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Fig 4. RT-PCR Ct values for NP and GP gene targets from positive blood samples of EVD cases from the Duport Road cluster, November-December 2015 and the Central Monrovia cluster, March-April 2016.

https://doi.org/10.1371/journal.pntd.0006135.g004

Findings of staff feedback forum

All four of the laboratory technicians reported the overall experience of working at ELWA III laboratory as very rewarding and they felt very proud of their contribution to the EVD response in Liberia. All staff members believed that the coordination and collaborative efforts of partners and stakeholders required to run the laboratory was successful and resulted in very positive outcomes. Staff described the laboratory environment and the work as both challenging and rewarding and that the skills and experience gained were beneficial for their future careers. Overall staff felt valued and supported in their work at the laboratory and benefited from additional training opportunities which would otherwise not have been available. They regarded their greatest achievements as identifying the last clusters of EVD cases and helping to end the outbreak in Liberia. The greatest challenges reported by staff were dealing with the specimen backlog upon opening of the laboratory and adapting to working in the confined space of a mobile laboratory.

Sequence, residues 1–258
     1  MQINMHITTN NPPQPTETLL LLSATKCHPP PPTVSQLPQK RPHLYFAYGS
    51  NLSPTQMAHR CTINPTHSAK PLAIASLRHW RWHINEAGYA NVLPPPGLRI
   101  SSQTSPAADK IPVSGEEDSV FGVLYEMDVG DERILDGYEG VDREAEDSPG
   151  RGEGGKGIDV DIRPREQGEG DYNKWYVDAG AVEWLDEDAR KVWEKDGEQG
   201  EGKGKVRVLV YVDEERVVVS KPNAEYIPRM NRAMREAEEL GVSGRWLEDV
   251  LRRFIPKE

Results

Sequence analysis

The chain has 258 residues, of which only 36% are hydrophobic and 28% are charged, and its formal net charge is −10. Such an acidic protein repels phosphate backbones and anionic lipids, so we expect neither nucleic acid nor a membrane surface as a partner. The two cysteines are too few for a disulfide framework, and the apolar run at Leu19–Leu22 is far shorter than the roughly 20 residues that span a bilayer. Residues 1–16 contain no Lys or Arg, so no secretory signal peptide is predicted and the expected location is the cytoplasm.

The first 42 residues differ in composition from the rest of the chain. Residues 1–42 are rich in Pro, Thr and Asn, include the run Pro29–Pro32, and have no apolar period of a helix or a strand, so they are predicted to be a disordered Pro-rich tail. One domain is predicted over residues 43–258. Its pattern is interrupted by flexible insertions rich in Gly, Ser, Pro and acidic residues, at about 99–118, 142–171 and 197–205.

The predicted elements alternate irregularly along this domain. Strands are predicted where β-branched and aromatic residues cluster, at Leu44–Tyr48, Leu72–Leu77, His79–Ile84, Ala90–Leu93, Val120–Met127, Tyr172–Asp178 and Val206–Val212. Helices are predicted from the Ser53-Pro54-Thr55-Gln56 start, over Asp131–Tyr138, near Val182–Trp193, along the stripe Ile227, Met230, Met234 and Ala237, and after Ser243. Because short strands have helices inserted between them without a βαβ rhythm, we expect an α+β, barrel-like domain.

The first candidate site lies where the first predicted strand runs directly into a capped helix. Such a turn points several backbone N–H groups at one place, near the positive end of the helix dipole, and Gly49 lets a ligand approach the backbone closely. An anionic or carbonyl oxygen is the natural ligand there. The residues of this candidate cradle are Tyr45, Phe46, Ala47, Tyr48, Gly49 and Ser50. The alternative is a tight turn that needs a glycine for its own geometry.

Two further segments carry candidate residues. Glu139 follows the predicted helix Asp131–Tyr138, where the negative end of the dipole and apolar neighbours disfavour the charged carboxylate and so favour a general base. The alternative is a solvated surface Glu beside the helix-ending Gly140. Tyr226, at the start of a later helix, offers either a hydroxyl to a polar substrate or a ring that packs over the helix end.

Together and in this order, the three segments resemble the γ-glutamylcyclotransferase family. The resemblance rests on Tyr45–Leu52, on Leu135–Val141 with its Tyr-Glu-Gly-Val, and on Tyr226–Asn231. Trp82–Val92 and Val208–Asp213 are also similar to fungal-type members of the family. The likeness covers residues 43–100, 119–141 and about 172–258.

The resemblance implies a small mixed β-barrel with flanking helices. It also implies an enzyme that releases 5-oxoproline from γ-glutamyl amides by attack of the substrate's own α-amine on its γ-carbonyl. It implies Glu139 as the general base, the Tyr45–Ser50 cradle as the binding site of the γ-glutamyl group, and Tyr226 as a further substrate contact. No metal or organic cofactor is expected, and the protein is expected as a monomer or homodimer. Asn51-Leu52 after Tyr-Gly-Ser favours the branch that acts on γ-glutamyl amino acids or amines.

Resolving challenges at the mobile facility